Situated on the Upper School roof above the Legacy Theatre, Havergal’s six-kilowatt solar array has helped to reduce the school’s energy consumption, which illustrates the link between environmental and financial sustainability.
The idea to use solar energy at the school began around 2010 when a science class suggested installing a single solar panel to run the filtration system of a large aquarium in the Upper School Biology Lab. The generosity of the donor community exceeded expectations, allowing Havergal to invest in a 26-panel array, which was installed in March of 2013.
The school’s Director of Facilities, Lisa Massie, worked with a student-led group—aptly named the Solar Rays—to determine the best location for the array. “We decided the roof above the Legacy Theatre was a perfect spot because it is south-facing and on an angle, which helps to harvest more of the sun’s rays,” says Massie.
Powering the equipment in the Upper School mechanical room, the solar array has significantly reduced the school’s reliance on traditional power by providing approximately 6,900 kWh of alternating current per year: the amount of energy needed to wash 27,000 loads of laundry, brew 34,000 pots of coffee or run a vacuum cleaner for 5,300 hours. “Shifting to renewable energy allows us to use less energy from the city, reducing our environmental footprint and utility costs overall,” explains Massie. “Solar power is very clean energy; it does not produce any by-products or harmful emissions, such as carbon monoxide, which is common of other energy sources,” she says.
Beyond the environmental and financial benefits, the solar panels have also acted as an educational tool. Using the SolarVu energy portal—a live database that tracks the solar array’s energy and revenue savings—students, faculty and staff can see the tangible benefits of renewable energy.
To help raise awareness for this technology amongst students, Sustainability Council Member Eryka Vella, Grade 11, suggested displaying the data from Havergal’s solar panels on the digital screens throughout the school. “I think it is important to educate students, faculty and staff about the benefits of solar energy because they might be inspired to adopt more sustainable practises, like installing solar panels at home or reducing their energy consumption,” says Vella.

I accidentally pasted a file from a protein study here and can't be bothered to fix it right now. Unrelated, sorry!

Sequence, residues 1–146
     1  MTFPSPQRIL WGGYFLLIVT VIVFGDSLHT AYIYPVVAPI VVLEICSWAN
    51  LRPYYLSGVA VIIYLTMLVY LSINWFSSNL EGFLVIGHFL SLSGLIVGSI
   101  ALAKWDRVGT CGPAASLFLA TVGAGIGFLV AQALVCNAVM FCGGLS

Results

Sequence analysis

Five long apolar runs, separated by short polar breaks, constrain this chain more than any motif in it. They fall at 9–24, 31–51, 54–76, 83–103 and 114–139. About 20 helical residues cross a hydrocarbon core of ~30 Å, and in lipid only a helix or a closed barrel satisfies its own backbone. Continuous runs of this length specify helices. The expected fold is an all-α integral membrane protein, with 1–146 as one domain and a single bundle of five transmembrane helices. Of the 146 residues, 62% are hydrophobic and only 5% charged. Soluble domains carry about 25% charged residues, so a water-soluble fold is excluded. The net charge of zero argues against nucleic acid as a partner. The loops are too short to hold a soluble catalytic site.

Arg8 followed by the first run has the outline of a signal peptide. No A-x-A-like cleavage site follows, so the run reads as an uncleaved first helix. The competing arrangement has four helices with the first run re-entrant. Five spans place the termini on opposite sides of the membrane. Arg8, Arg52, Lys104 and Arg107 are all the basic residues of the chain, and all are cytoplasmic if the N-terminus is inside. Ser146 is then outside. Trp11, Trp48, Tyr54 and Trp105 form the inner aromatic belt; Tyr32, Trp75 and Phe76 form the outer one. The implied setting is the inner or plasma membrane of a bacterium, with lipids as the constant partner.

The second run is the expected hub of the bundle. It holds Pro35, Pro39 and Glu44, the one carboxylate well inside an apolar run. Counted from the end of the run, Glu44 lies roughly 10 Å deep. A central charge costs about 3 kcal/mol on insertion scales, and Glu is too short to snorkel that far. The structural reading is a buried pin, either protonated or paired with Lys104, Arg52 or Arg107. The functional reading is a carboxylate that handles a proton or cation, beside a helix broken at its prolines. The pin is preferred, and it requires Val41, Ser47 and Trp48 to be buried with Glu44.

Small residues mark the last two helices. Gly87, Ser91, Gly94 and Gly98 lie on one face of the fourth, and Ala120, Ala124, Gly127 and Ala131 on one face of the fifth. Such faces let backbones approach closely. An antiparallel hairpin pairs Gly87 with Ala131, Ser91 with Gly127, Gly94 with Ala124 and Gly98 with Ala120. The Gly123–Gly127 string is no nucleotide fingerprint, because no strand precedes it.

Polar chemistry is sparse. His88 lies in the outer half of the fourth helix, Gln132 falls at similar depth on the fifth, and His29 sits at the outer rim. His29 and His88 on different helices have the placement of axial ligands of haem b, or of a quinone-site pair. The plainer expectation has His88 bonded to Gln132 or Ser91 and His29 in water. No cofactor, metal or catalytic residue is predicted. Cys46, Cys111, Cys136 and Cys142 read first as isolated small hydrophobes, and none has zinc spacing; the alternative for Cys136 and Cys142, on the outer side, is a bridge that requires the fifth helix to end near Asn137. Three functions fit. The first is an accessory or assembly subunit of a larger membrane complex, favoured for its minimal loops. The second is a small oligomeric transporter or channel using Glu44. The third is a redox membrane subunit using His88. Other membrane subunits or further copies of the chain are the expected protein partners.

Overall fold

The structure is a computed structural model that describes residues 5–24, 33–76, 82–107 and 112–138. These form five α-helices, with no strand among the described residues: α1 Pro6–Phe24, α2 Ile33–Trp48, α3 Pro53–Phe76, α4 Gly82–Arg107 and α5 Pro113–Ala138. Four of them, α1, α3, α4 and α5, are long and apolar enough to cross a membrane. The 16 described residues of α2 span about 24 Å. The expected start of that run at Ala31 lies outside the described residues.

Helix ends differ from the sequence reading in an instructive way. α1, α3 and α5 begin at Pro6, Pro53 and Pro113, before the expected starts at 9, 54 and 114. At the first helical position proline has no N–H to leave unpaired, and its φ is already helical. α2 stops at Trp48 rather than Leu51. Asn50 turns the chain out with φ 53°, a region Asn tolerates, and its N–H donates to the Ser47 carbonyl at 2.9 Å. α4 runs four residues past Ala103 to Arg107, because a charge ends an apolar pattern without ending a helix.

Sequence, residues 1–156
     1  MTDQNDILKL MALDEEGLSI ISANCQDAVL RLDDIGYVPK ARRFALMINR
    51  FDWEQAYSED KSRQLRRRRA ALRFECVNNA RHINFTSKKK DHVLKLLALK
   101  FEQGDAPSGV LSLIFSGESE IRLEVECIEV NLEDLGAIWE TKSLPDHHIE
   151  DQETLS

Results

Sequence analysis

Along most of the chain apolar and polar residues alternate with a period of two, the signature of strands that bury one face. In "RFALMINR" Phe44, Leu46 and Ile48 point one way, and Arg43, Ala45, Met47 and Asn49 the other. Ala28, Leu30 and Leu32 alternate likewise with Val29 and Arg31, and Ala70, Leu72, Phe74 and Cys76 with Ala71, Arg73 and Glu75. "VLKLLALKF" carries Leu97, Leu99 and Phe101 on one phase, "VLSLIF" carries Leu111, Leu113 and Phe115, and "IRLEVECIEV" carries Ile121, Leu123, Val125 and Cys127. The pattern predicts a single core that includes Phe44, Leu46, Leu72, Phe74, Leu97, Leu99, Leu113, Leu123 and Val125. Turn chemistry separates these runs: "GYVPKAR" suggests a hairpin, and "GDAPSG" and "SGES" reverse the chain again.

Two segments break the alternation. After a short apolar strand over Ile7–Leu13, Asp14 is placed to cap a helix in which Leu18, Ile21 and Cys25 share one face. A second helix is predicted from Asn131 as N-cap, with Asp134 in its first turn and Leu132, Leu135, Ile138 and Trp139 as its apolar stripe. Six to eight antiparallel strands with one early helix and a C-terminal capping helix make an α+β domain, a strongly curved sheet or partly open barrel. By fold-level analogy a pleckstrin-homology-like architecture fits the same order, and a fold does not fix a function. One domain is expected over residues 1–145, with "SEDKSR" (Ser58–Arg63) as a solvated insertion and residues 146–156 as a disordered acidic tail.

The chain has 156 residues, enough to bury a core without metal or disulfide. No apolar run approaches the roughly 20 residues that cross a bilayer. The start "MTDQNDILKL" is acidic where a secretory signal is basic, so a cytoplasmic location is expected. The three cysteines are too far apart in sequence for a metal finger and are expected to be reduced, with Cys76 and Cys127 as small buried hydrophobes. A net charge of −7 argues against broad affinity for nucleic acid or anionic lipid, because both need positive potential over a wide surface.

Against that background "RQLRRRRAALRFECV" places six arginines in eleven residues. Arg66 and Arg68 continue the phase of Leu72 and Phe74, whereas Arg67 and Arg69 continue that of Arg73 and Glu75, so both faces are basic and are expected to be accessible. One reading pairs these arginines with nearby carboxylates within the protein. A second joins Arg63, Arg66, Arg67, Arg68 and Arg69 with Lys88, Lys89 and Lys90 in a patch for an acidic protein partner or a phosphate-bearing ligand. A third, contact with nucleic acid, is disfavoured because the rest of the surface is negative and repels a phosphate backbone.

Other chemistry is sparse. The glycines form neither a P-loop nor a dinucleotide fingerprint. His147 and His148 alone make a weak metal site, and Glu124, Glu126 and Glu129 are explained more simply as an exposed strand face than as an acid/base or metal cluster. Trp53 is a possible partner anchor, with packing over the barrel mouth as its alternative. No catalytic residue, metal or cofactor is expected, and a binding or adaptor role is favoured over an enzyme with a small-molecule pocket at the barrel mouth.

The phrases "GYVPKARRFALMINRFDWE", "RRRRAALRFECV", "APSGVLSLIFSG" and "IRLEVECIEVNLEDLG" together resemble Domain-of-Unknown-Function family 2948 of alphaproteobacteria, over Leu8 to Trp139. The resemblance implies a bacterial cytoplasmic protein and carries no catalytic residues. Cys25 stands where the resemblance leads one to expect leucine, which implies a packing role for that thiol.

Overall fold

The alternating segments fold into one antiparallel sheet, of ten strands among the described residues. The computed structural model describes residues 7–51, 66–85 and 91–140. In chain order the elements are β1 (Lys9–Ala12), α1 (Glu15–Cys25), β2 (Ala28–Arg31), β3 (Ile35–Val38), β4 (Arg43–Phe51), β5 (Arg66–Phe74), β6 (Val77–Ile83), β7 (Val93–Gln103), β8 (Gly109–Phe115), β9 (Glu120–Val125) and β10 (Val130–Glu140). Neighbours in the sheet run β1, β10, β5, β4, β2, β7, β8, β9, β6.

LED lighting, low-flow plumbing fixtures, hands-free faucets and efficient heating and cooling systems are a few of the other design features that have been put in place to minimize the school’s energy consumption. With over 50 different types of lightbulbs required to accommodate the various light fixtures throughout the Upper School alone, it took six months to fully switch over to LED lighting, which has significantly lowered the school’s utility costs. “To reduce your environmental footprint, you have to make a shift,” says Sustainability Prefect and Grade 12 student Skylar Banks. “We can all have a big impact by acting locally to make small changes within our community”.
Havergal’s new buildings and renovated spaces will include all of these energy consumption features, in addition to an even larger solar array, a three-storey BioWall, green roofs and electric vehicle charging stations. “I am thrilled that our community is supportive in shifting to more sustainable practices,” says Massie. “It really is the right thing to do to ensure Havergal is operating with environmental sustainability in mind.”